Jimmy Wayuni: KRA Commissioner Turned Musical Legend

Jimmy Walter Githinji alias Jimmy Wayuni, the Kenyan Benga maestro who died on Tuesday, May 26, was not your ordinary one-size-fits-all type of musician.

He was as an unorthodox as they come, how else would you explain the fact that he is one of the very few male artists who had more male followers than female fans?

In their defence, the ladies may have decided to steer clear of Wayuni after he released his controversial Airìtu a Ruiru (Ruiru Girls) hit-song that described the women of Ruiru town as man-eaters.

“They have a habit of eating meat before it is even placed on the roasting grills or long before a fire has been lit,” reads a loose translation of the hit song.

However, he once revealed that his music came from personal experiences and that he had nothing against women in general, but rather the specific ones who he felt were evil to the core.

Unknown to most, in 2009 Wayuni was actually working as an assistant commissioner at the Kenya Revenue Authority (KRA) in charge of policy formulation.

“My work was to draw up, implement and effect all policies related to tax regimes,” he revealed during a past interview.

“It is all about separating the two and allocating my employer full hours before venturing into my other life,” he added responding to whether his day job conflicted with the rigorous demands that come with the music business.

Interestingly, he also ended up serving at KRA with his greatest musical influence and mentor, CDM Kiratu.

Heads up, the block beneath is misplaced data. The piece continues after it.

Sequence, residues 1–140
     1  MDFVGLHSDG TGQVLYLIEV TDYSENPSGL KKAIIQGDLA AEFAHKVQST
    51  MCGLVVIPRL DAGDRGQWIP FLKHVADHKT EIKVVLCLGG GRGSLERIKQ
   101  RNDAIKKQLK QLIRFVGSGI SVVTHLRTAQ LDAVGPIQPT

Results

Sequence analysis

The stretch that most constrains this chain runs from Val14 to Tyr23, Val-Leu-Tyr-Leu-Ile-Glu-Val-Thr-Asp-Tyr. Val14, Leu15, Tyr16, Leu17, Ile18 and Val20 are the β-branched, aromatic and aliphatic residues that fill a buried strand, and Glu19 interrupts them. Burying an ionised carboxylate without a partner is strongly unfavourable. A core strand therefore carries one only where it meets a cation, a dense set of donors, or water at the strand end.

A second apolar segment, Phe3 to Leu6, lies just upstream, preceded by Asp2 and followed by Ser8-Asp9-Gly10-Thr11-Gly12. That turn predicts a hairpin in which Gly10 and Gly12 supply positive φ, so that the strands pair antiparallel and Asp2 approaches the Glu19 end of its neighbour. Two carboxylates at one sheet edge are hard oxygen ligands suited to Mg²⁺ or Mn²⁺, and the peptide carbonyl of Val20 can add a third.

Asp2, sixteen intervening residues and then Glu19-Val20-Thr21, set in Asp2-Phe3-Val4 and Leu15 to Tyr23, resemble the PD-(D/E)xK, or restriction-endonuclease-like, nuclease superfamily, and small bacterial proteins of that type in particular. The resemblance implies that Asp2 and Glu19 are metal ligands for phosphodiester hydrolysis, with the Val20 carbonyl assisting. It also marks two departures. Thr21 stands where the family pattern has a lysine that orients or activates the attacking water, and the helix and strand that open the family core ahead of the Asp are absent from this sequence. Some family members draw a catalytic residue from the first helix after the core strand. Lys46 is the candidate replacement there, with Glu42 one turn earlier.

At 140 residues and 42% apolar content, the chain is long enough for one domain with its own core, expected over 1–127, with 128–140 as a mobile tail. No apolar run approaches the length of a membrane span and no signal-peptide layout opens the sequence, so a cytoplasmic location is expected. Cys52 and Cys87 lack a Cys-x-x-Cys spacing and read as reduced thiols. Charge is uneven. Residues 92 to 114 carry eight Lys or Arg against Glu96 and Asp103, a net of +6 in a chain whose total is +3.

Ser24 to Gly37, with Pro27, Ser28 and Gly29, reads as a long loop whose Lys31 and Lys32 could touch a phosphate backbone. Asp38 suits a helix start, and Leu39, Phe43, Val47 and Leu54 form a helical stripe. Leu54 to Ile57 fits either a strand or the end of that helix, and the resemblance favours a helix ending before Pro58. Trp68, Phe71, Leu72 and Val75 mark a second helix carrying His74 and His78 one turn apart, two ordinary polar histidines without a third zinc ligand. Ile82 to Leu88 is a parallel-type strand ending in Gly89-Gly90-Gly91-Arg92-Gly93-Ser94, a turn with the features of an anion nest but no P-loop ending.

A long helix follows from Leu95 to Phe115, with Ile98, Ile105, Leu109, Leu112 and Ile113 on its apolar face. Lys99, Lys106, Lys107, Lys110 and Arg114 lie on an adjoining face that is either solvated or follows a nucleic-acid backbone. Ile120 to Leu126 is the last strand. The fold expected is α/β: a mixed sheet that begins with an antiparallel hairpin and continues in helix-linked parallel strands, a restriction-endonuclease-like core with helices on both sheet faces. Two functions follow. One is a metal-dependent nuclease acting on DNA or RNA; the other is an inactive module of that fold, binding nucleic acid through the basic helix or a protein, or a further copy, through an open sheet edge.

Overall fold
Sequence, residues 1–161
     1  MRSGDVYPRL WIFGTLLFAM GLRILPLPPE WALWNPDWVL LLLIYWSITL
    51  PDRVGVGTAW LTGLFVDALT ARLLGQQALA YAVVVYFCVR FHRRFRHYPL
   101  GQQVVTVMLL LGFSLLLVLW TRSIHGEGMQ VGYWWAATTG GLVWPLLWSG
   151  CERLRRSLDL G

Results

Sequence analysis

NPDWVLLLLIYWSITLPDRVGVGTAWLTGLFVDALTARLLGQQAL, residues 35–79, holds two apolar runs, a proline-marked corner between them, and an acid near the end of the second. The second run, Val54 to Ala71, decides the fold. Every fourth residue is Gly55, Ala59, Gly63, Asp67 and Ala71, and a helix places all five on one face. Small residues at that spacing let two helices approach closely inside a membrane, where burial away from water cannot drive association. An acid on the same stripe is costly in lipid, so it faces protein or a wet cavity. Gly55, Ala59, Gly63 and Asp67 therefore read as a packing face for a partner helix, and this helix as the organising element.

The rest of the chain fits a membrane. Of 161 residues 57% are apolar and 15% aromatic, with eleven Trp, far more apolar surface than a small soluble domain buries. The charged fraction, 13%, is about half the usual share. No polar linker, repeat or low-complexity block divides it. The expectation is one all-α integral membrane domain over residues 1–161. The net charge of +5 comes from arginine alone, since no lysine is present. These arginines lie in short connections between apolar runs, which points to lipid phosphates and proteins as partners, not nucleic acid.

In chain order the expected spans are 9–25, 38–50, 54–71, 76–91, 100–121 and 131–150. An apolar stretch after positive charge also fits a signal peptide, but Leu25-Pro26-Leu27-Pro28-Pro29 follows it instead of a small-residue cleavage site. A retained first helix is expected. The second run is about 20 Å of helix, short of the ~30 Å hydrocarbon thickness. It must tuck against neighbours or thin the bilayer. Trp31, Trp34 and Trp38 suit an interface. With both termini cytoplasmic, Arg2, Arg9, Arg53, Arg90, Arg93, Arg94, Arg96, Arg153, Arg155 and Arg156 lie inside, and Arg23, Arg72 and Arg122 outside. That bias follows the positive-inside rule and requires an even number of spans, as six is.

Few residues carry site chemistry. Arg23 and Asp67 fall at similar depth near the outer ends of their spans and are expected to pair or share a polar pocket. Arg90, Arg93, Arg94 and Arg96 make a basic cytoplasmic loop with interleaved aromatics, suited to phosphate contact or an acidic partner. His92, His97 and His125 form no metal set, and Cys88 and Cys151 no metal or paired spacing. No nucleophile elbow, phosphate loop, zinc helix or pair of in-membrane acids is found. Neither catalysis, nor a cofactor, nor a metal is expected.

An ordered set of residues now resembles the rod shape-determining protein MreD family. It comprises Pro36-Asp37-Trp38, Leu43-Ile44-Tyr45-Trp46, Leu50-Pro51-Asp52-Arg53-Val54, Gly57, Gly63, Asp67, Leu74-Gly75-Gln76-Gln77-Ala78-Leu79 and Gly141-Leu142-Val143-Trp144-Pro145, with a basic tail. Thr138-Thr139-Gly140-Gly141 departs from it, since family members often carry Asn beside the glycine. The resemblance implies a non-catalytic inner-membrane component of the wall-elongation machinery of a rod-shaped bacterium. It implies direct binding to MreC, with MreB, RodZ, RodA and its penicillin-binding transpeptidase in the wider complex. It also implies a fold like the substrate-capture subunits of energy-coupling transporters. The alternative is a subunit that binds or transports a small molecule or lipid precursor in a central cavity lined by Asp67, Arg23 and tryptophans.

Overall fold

“It was Kiratu who played the pivotal role of honing my musical skills and, coincidentally, I was to later work with him at the KRA,” the benga maestro once revealed.

Having discovered his rare gift at the tender age of 10, Jimmy Wayuni immediately went about honing his craft by joining the church choir and enrolling in as many school music competitions as he possibly could.

1975 to 1985 can be described as the golden decade when it comes to the Kikuyu music scene. This was the period when some of the greats burst into the scene.

The likes of Simon Kihara alias Musaimothe late John De’mathew as well as John Ndichu and his brother Joseph Wamumbe to name but a few.

It was during this same era that the late Wayuni also threw his hat into the ring in a band dubbed Kuhurika Brothers, with his first-ever recording being Kairitu Roiko back in 1978.

There were no USB sticks or even Compact Discs (CDs) at the time, all his music was recorded on vinyl discs, a true son of a forgotten era.

His music opened him up to the entire world.

He entertained fans in various countries including Burundi, Rwanda, Tanzania, Uganda, USA, Japan, Thailand, South Africa, Mauritius, Seychelles and the United Arab Emirates.

Wayuni’s gift for the arts was undeniable that in 2007, he was flown to America for the New York Film Academy where he was part of an elite group of artists that were taken through a film workshop at Disney-MGM Studios.

His favourite regional musicians included the legendary Samba MapangalaJimmy Moni Mambo and the Kinyonga Brothers.

Wayuni’s tragic demise has robbed the country of an icon of his time, a Hall of Famer and a truly gifted musician, who in his later years dedicated himself to moulding younger artists to grow their careers.

Credit: Source link